If so, then $34 (b) Does the matrix E BAC exist? If so, then (c) Does the matrix F BCA exist? If so, then f43 (d) Does the matrix G ACB exist? If so, then 931 (e) Does the matrix H CAB exist? If SO, then h21 (f) Does the matrix J CBA exist? If SO, then .j13 622 5 Arithmetic of Matrices am 1 [ 0 (a) A37 IcI B138 and C = AB. Evaluate the following. (b) B63 (d) C42 Note: If M is a matrix My is the product of p copies of M. 1 1 (3) Let A ,J 31 . Find numbers Answer: c = C and d such that A2 = -I. and d = (4) Let A and B be symmetric n where X = . X n-matrices. Then [A,B] = [B,X], (5) Let A, B, and C be 77, X n matrices. Then [A, B]C+ B[A, C] = [X, Y], where X = and Y = . 1/3 (6) Let A A Find numbers c and d such that A2 = 0. Answer: and d C 1 (7) Consider the matrix a 0 3 6 9 2 2 where a is a real number. 5 (a) For what value of a will a row interchange be required during Gaussian elimination? Answer: a = . (b) For what value of a is the matrix singular? Answer: a = 1 0 2 - 3 (8) Let A and W41 M i 2 1 0 -1 3 3 1 -1 B: 4 0 3 7 0 2 4 1 - 1 3A3 - 5(Bc)2. Then 2 -1 -2 7 C l3 2 0 1 5 7 1 W14 and 6 Exercises and Problems in Linear Algebra kg) If A is an n X n matrix and it satisfies the equation A3 0, then A is nonsingular and its inverse is 4A2 + 3A - 51" (10) Let A, B, and C be n X n matrices. Then HA78]7C] -|- HB, CLA] -I- HC, AL B] = X, where X (II) Let A, B, and C be n X 77, matrices. Then [A, C] where X = and Y = . 1 (12) Find the inverse of 1 4 1 3 1 2 0 1 0 0 0 0 1 3 1 2 1 0 1 2 1 -|- [B, C] = [X, Y], . Answer: (13) Suppose that A and B are symmetric n X n matrices. In this exercise we prove that AB is symmetric if and only if A commutes with B. Below are portions of the proof. Fill in the missing steps and the missing reasons. Choose reasons from the following list. (Hl) Hypothesis that A and B are symmetric. ($2) Hypothesis that AB is symmetric. ($3) Hypothesis that A commutes with B. (Dll Definition of commutes. (D2l Definition of symmetric. (T) Proposition 1.1.8. Proof. Suppose that AB is symmetric. Then AB (reason: (H2) and BW (reason: ) (reason: (D2) and So A commutes with B (reason: . 7 Arithmetic of Matrices Conversely, suppose that A commutes with B. Then (A83t (reason: (T)) i = BA (reason: and and (reason: Thus AB is symmetric (reason: 1.3 Problems (1) Let A be a square matrix. Prove that if A2 is invertible, then so is A. Hint. Our assumption is that there exists a matrix B such that A28 = BAR = I _ We want to show that there exists a matrix C such that AC i CA i I. Now to start with, you ought to find it fairly easy to show that there are matrices L and R such that LA = AR = I . (*) A matrix L is a LEFT INVERSE of the matrix A if LA = I; and R is a RIGHT INVERSE of A if AR = I. Thus the problem boils down to determining whether A can have a left inverse and a right inverse that are deferent. (Clearly, if it turns out that they must be the same, then the C we are seeking is their common value.) So try to prove that if (*) holds, then L = R. (2) Anton speaks French and German; Geraldine speaks English, French and Italian, James speaks English, Italian, and Spanish, Lauren speaks all the languages the others speak except French, and no one speaks any other language. Make a matrix A = [ a ] with rows representing the four people mentioned and columns representing the languages they speak. Put all = 1 if person i speaks language j and as = 0 otherwise. Explain the significance of the matrices AAt and AtA. (3) Portland Fast Foods (PFF), which produces 138 food products all made from 87 basic ingredients, wants to set up a simple data structure from 8 Exercises and Problems in Linear Algebra which they can quickly extract answers to the following questions: (a) (b) (c) (d) How many ingredients does a given product contain? A given pair of ingredients are used together in how many products? How many ingredients do two given products have in common? In how many products is a given ingredient used? In particular, PFF wants to set up a single table in such a way that: (i) the answer to any of the above questions can be extracted easily and quickly (matrix arithmetic permitted, of course); and (ii) if one of the 87 ingredients is added to or deleted from a product, only a single entry in the table needs to be changed. Is this possible? Explain. (4) Prove Proposition 1.1.8. (5) Let A and B be 2 X 2 matrices. (a) Prove that if the trace of A is 0, then A2 is a scalar multiple of the identity matrix. (b) Prove that the square of the commutator of A and B commutes with every 2 X 2 matrix C. Hint. What can you say about the trace of [A, B1? (c) Prove that the commutator of A and B can never be a nonzero multiple of the identity matrix. (6) The matrices that represent rotations of the any-plane are A(0) el - sin cos 0 cost sin 0 . (a) Let X be the vector (-1, 1), 0 = 371/4, and y be A(H) acting on (that is, y = A(@lxtl. Make a sketch showing x, y, and 0. (b) Verify that A(01)A(02) = A(01 geometrically. -|- X 92). Discuss what this means (c) What is the product of A(0) times A(-9)? Discuss what this means geometrically. (d) Two sheets of graph paper are attached at the origin and rotated in such a way that the point (1, 0) on the upper sheet lies directly over the point (-5/13, 12/13) on the lower sheet. What point on the lower sheet lies directly below (6, 4) on the upper one? Arithmetic of Matrices 9 (Y) Let II ll (c) The determinant of this 2 X 2 matrix is (d) Thus the determinant of M is 1 1 1 1 1 (15) Find the determinant of the matrix 2 2 1 1 1 5 3 3 2 1 7 10 6 7 5 5 4 5 1 Answer: 1 (16) Find the determinants of the following matrices. II > 1 2 0 I X2 > 1 2 NJII-\ I XI 1 2 I 0 N II H 0 3 4 1 4 0 1 2 1 2 1 2 0 1 2 3 4 1 2 1 4 1 2 19 Elementary Matrices; Determinants X4 X7 X8 0 1 2 0 1 0 0 0 _0 0 1 0 1 2 0 1 0 1 2 > X5 X6 1 3 4 1 4 1 2 1 2 1 2 1 1 3 1 2 1 2 1 2 1 2 0 1 0 0 0 1 1 3 _0 0 0 1 3 1 0 1 2 1 2 1 0 0 0 1 0 0 0 0 1 3 1 0 1 2 1 2 0 1 0 0 0 1 0 _0 0 0 1 > > > la I 20 Eazercises and Problems in Linear Algebra X9 1 0 1 2 1 2 0 1 0 0 0 0 1 0 _0 0 0 1 > X10 X11 > > 1 0 1 2 0 0 1 0 0 0 0 1 0 0 0 0 1 1 0 0 0 0 1 0 0 0 0 1 0 0 0 1 Answer: X1 = 7 X5 7 X2 7 X6 7 X3 7 7 II X9 7 X10 X4 X7 7 7 X11 (19) The matrix 1 II m 1 2 1 3 1 -4 1 2 1 3 1 4 1 5 1 3 1 4 1 5 1 6 1 4 1 5 1 6 1 7- is the 4 X 4 HILBERT MATRIX. Use Gauss-Jordan reduction to compute K = H-1. Then K44 is (exactly) . Now, create a new matrix H' by replacing each entry in H by its approxImation to 3 decimal places. (For example, replace E1 by 0.167.) Elementary Matrices; Determinants 21 Use Gauss-Jordan reduction again to find the inverse K' of H'. Then KQ4 is . (20) Suppose that A is a square matrix with determinant 7. Then . (a) det(P24A) = (b) d€tlE23l-4lAl (C) det(m3(2)A) = 1 2.3 Problems (1) For this problem assume that we know the following: If X is an m X m matrix, if Y is an m X n matrix and if 0 and I are zero and identity matrices of appropriate sizes, then det Let A be an m that X Y 0 n matrix and B be an n = det X. m matrix. Prove carefully X det AB . det Hint. Consider the product 11 X I 0 B I ] [B "] I (2) Let A and B be n X n-matrices. Your good friend Fred R. Dirndl believes that det E in det(A + B) det(A - B). He offers the following argument to support this claim: det E in det(A2 - BQ) det[(A -|- B)(A - B)] det(A + B) det(A - B). (a) Comment (helpfully) on his "proof". In particular, explain carefully why each of the three steps in his "proof" is correct or incorrect. (That is, provide a proof or a counterexample to each step.) (b) Is the result he is trying to prove actually true? 22 Eazercises and Problems in Linear Algebra B I 0 A Hint: Consider the product BH A -|- B 0 0 I ] (3) Let J: be a fixed real number that is not an integer multiple of 7T. For each natural number n let ATL = [ask] be the n X n-matrix defined by Clack -kl > 1 0, for lj 1, for lj - / | 2 cos so, for j = k. -|- 1 Show that det An = sin ( n sln .CU det ATL and prove that .CU . 1 Hint. For each integer n let Dn Dn+2 - 2DTL+1 cosec + Dn = 0. (Use mathematical induction.) 2.4 Answers to Odd-Numbered Exercises (l) 1 0 0 0 0 1 0 0 (3) 1 0 0 0 0 1 0 0 (5) 1 0 0 0 0 0 0 1 0 0 0 0 4 0 0 1 0 0 0 0 1 1 0 0 0 1 0 0 1 0 0 7 1 0 0 0 0 1 0 0 0 0 1 0 0 0 0 1 (Y) -8, -1 (9) P12, E31(1), E32(-1), m g ( - 5 ) , E23(-3)» my(%), E13(1)» E12(-ll (11) (a) 3, 2, 3, -2 r 1 _1 1 0 (be OJ Elementary Matrices; Determinants (13) 100, 0, -72 (15) -10 (17) 6 (10) 2800, -1329.909 23 This page intentionally left blank Chapter 3 VECTOR GEOMETRY IN 3.1 n Background Topics: inner (dot) products, cross products, lines and planes in 3-space, norm of a vector, angle between vectors, the law of sines. Notation 3.1.1. There are many more or less standard notations for the inner product (or dot product) of two vectors X and y. The two that we will use interchangeably in these exercises are X y and (x, y). Definition 3.1.2. X If X is a vector in Rn then the NORM (or LENGTH) of 7 is defined by IIxII i V// (c) 0. Define an as EEI y = :cy -|- l for all My y 6 V. Define an operation of "scalar multiplication" by a as Z 02;c for all a € lR and a: E V. oder the operations and the set (is/is not) a vector space. If it is not, list all the vector space axioms (see 4.1.1 (1)-(l0)) that fail to hold. Answer: The axioms that are not satisfied are (3) Let V be lli2.2, the set of all ordered pairs an operation of "addition" by (33, y) of real numbers. Define ('u,,'u)EEI(a:,y) = (u+zl3+ 1, ' u + y + l ) for all (u, u) and (az, y) in V. Define an operation of "scalar multiplication" by a (co, y) Z (acc, a y ) for all a 6 R and (so, y) 6 V. oder the operations and the set is not a vector space. vector space axioms (see 4.1.1 (1)-(l0)) that fail to hold are and . he 35 Vector Spaces (4) Let V be R2, the set of all ordered pairs an operation of "addition" by Cu»vl EEI Qr,y) (33, (u + y) of real numbers. Define ' v 0) for all (u, u) and (az, y) in V. Define an operation of "scalar multiplication" by a (co, y) Z (acc, a y ) for all a 6 R and (so, y) 6 V. oder the operations and the set is not a vector space. vector space axioms (see 4.1.1 (1)-(l0)) that fail to hold are , and (5) Let V be the set of all n operation of "addition" by X he 7 n matrices of real numbers. Define an l 2 for all A, B 6 V. Define an operation of "scalar multiplication" by A EEI B Z -lAB + BA) a 0 for a11 a € R and A € V. oder the operations and the set is not a vector space. vector space axioms (see 4.1.1 (1)-(l0)) that fail to hold are , and . he 7 (6) Below are portions of proofs of four results about vector spaces which establish the fact that multiplying a vector Hz: by the scalar -l produces -as, the additive inverse of az. Fill in the missing steps and the missing reasons. Choose reasons from the following list. ( H) (l)-(10) Hypothesis Vector space axioms, see 4.1.1 (PA) Proposition A (PB) Proposition B (PC) Proposition C (RN) Property of the Real Numbers Proposition 4.2.1 (A). A vector Hz: in a vector space V has at most one additive inverse. That is, if y and Z are vectors in V such that X -|- y = 0 andx-I-z = 0, t h e n y = z . 36 Eazercises and Problems in Linear Algebra Proof. Suppose that X + y = 0 and X y y+(x+zl + Z 0. Then (reason: ) (reason: ) (reason: (2)) (x+yl+ Z (reason: (reason: ( HII (reason: (5)) II N Proposition 4.2.2 (B). If then X = 0. Proof. If X . (reason: €Vandx-|- X E V where V is a vector space and = X7 x, then X (reason: 0 X :X-|- X -|- X (reason: (4)) (x + x) + (-x) (reason: (reason: ( HII Proposition 4.2.3 (C). Proof. If X Q l. (reason: 0 If an is a vector in a vector space V, then Ox = 0. V , then Ox = (0 -|- 0) X (reason: (reason: (8)) Thus Ox = 0 (reason: Proposition 4.2.4 (D). If at is a vector in a vector space V, then (-1)x is -x, the additive inverse of X. Proof. If X 6 V, then (reason: (10)) x + (-1) = (l -|= 0•X 0 (-l)) - x (reason: (reason: It then follows immediately from (reason: ) ) >. that ( - l ) - x X. 37 Vector Spaces (7) In this exercise we prove that multiplying the zero vector by an arbitrary scalar produces the zero vector. For each step of the proof give the appropriate reason. Choose reasons from the following list. (1)-(10) Vector space axioms 4.1.1. (PB) Proposition 4.2.2 (RN) Property of the Real Numbers Proposition 4.2.5 (E). a scalar, then a - 0 0. If 0 is the zero vector in a vector space and a is Z Proof. Let 0 be the zero vector of some vector space. Then for every scalar a a 0 ( 0 + )0 (reason: ) a - 0 -I-0~ 0 (reason: ) a It then follows immediately from that a 0 0. (8) In this exercise we prove that the product of a scalar and a vector is zero if and only if either the scalar or the vector is zero. After each step of the proof give the appropriate reason. Choose reasons from the following list. (H) (l)-(10) (PC), (PE) (RN) Hypothesis. Vector space axioms 4.1.1. Propositions 4.2.3 and 4.2.5, respectively. Property of the Real Numbers. Proposition 4.2.6. Suppose that X is a vector and a is a scalar. Then ax = 0 if and only if a = 0 o r = 0. and that if a 0 Proof. We have already shown in or X = 0, then ax = 0. To prove the converse we suppose that ax = 0 and that or 96 0; and we prove that X = 0. This conclusion results from the following easy 38 Eazercises and Problems in Linear Algebra calculation: -x (reason: \ x l a l a 0 4.3 (0~ x) 0 and (reasons: (reason: (reason: . (reason: Problems (1) Prove that if V is a vector space, then its additive identity is unique. That is, show that if 0 and 0 are vectors in V such that X -I- 0 = X for a 1 1 a : € V a n d x - l - 0 = X for all J: 6 V, then 0 0. (2) Let V be the set of all real numbers operation of "addition" by as for all My y= 33 such that .CU > 0. Define an ivy y 6 V. Define an operation of "scalar multiplication" by a fora11a€Randa:EV. Prove that under the operations as 33 a and the set is a vector space. (3) With the usual operations of addition and scalar multiplication the set of all n X n matrices of real numbers is a vector space: in particular, all the vector space axioms (see 4.1.1 (1)-(l0)) are satisfied. Explain clearly why the set of all nonsingular n X n matrices of real numbers is not a vector space under these same operations. 4.4 Answers to Odd-Numbered Exercises (1) 3, 4, 7, 8 (3) 7, 8 (5) 2, 4, 10 (7) 3, 7, PB Chapter 5 SUBSPACES 5.1 Background Topics: subspaces of a vector space Definition 5.1.1. A nonempty subset of M of a vector space V is a SUBSPACE of V if it is closed under addition and scalar multiplication. (That is: if X and y belong to M, so does a e R, then ax belongs to M . ) X + y; and if X belongs to M and Notation 5.1.2. We use the notation M 5 V to indicate that M is a subspace of a vector space V. Notation 5.1.3. functions: jE' Here are some frequently encountered = .7:[a, b] = {f : f families of is a real valued function on the interval [a, b]} (5.l.l) P 77[a,b] = {p: P is a polynomial function on [a, b]} (5.l.2) 7D4 7>4[a, be = {p 6 77: the degree of p is less than 4} (51.3) QUO Q4[CL, 6] = {p e 77: the degree of p is equal to 4} (51.4) f .F : f {f e .F : is continuous} (51.5) {f e is differentiable} (51.6) C C[a,b] D D[a, 6] IC lC[a,b] = { f Q F = f is a constant function} Z Z 39 (5.l.7) 40 Eazercises and Problems in Linear Algebra B B[a, 6] = {f .7 = 7[a,b] = {f 6 F: f is bounded} 6 I; (51.8) f is integrable} (51.9) (A function f 6 .F is BOUNDED if there exists a number M > 0 such that lf(a:)l g M for all as in [0, b]. It is (RIEMANN) INTEGRABLE if it is bounded and f(a3) do exists.) Tb Definition 5.1.4. If A and B are subsets of a vector space then the SUM of A and B, denoted by A + B, is defined by A-I-B:: {a+ b : a 6 A and b 6 B}. Definition 5.1.5. Let M and N be subspaces of a vector space V. If M VW N = {0} and M + N = V, then V is the (INTERNAL) DIRECT SUM of M and N. In this case we write V M ® N. In this case the subspaces M and N are COMPLEMENTARY and each is the COMPLEMENT of the other. Definition 5.1.6. Let V and W be vector spaces. If addition and scalar multiplication are defined on the Cartesian product V X W by (u/w) + (Hay) := (u + a:,w + y) and a('u,wl := ( l a w ) for all u, x 6 V, all w, y 6 W, and all a 6 IE", then V X W becomes a vector space. (This is called the PRODUCT or (EXTERNAL) DIRECT SUM of V and W. It is frequently denoted by V ® W.) Notice that the same notation is used for internal and external direct sums. Some authors make a notational distinction by using ®¢ and @€ (or ® and Egg to denote these two concepts. Others regard it as somewhat pedantic on the grounds that context should make it clear whether or not the summands are currently being regarded as subspaces of some larger vector space. The matter becomes even worse when, in inner product spaces, we encounter 'orthogonal direct sums' (see Definition 18.1.6 in Chapter 18). 41 Subspaces Definition 5.1.7. Let M be a subspace of a vector space V. Define an equivalence relation on V by ;Ur\J y if and only if y LUEM. For each x 6 V let [as] be the equivalence class containing x. Let V/M be the set of all equivalence classes of elements of V. For [as] and [y] in V/M define [13] + [y] :z [as + y] and for a 6 R and [as] 6 V/M define 0[a:' := [0;c]. Under these operations V/M becomes a vector space. It is the QUOTIENT of V by M. The notation V/M is usually read "V mod M " . SPACE Note that the preceding "definition" contains many statements of fact. These must be verified. (See Problem 6.) 5.2 Exercises (1) One of the following is a subspace of R3. Which one? The set of points (az, y, z) in R3 such that (a) a z - I - Z y - 3 z = 4 . (be x 2 1 = y = (c) a z - I - y + z = 0 a n d : - y - I - z = (dl a : = - z a n d a : = z . (e) 1:2 -|- y2 = z. (f) % Answer: Z l. y53. l ) is a subspace of R3. (2) The smallest subspace of R3 containing the vectors (2, -3, -3) and (0, 3, 2) is the plane whose equation is aa3+by+6z = 0 where a = , and b = . (3) The smallest subspace of R3 containing the vectors (0, -3,6) and (0, l , -2) is the line whose equations are an = a and Z by where Cl , and b = . 42 Eazercises and Problems in Linear Algebra (4) Let ROO denote the vector space of all sequences of real numbers. (Addition and scalar multiplication are defined coordinatewise.) In each of the following a subset of ROO is described. Write yes if the set is a subspace of ROO and no if it is not. (a) Sequences that have infinitely many ( l , l , 0 , l , l , 0 , l , l , 0 , . . . ) ) . Answer: . zeros (for example, (b) Sequences that are eventually zero. (A sequence (azk) is eventually zero if there is an index No such that be'fl = 0 whenever n > f i g . ) Answer: . (c) Sequences that are absolutely summable. (A sequence (wk) is absolutely summable if Ek=1lmkl < oo.) Answer: . (d) Bounded sequences. (A sequence (act) is bounded if there is a positive number M such that l5UI=cl < M for every Le.) Answer: . (e) Decreasing sequences. (A sequence (wk) is decreasing if a:ni+1 < for each n.) Answer: . (f) Convergent sequences. Answer: In . (g) Arithmetic progressions. (A sequence (act) is arithmetic if it is of the form (a,a + k , a + 2k,a + 3k, . . .) for some constant je.) Answer: . (h) Geometric progressions. (A sequence (ivkl is geometric if it is of the form (a, kg, k2a, k3a, . . .l for some constant ac.) Answer: . (5) Let M and N be subspaces of a vector space V. Consider the following subsets of V. (a) M VW N. (A vector V belongs to M O N if it belongs to both and N.) (b) M U N. (A vector V belongs to M U N if it belongs to either or N.) (c) M -|- N. (A vector V belongs to M -|- N if there are vectors m e and n e N such that V = In -|- n.) (d) M - N. (A vector V belongs to M - N if there are vectors m e and n e N such that V = In - n.) Which of (a)-(d) are subspaces of V? Answer: M M M M 43 Subspaces (6) For a fixed interval [a, b], which sets of functions in the list 5.1.3 are vector subspaces of which? Answer: YI YI YI YI YI YI YI (7) Let M be the plane ; z : + y + z = 0 and N be the line x = y = z in R3. The purpose of this exercise is to confirm that R3 = M ® N. This requires establishing three things: (i) M and N are subspaces of R3 (which is very easy and which we omit); (ii) R3 = M + N; and (iii) M a n = {0} (a) To show that R3 = M + N we need R3 Q M + N and M + N Q fig. Since M C$3 and N C R3, it is clear that M + N C R3. So all that is required is to show that R3 C M + N. That is, given a vector X = (a31,a32,;c3) in R3 we must find vectors m = (m1,m2,m3) in M and n = (n1,n2,n3) in N such that X = m + n. Find two such vectors. l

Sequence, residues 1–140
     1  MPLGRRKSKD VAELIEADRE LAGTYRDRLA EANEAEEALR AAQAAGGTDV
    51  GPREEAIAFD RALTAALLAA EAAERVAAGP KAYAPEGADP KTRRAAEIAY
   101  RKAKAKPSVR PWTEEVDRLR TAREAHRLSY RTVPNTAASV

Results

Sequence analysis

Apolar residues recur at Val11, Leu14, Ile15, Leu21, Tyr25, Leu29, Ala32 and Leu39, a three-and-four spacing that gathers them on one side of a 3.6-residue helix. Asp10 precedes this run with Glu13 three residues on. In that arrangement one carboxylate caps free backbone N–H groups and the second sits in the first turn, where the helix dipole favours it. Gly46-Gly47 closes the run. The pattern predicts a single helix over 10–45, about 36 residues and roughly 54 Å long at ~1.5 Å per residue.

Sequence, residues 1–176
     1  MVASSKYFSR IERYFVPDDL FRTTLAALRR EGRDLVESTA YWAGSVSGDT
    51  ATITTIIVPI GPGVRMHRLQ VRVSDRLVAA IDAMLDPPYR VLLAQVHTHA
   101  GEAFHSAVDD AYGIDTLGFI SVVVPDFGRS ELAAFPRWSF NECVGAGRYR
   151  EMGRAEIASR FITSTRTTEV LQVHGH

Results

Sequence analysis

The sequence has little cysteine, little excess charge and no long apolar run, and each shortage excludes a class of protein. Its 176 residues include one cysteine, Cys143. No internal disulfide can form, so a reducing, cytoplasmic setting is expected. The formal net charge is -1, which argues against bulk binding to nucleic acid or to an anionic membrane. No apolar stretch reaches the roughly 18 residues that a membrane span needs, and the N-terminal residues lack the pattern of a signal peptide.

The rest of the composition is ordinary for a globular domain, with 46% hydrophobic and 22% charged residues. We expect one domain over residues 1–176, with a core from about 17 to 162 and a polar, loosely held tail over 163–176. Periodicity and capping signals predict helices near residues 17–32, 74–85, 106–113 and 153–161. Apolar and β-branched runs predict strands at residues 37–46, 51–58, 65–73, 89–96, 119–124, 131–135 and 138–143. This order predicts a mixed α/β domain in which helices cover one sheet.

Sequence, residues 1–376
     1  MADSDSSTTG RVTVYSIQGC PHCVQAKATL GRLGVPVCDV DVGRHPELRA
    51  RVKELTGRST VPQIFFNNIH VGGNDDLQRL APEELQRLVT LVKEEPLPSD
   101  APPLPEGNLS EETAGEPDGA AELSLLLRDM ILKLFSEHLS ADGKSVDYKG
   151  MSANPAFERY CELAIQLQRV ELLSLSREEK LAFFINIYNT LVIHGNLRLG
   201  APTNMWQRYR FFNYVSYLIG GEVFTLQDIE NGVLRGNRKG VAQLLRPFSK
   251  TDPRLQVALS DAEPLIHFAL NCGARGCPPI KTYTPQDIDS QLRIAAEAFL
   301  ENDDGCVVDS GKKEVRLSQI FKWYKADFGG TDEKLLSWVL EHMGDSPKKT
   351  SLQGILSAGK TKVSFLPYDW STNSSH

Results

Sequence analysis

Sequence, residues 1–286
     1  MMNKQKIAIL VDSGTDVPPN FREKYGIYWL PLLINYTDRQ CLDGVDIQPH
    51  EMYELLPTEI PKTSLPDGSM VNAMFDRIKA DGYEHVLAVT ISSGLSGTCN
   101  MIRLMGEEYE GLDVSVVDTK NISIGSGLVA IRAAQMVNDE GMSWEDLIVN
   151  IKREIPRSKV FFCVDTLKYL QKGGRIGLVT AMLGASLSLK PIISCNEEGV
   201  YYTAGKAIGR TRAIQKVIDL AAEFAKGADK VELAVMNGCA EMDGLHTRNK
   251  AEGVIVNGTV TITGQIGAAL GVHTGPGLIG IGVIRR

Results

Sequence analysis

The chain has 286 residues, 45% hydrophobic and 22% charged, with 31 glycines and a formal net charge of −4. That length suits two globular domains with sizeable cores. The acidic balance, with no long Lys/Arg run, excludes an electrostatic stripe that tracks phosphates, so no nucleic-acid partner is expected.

(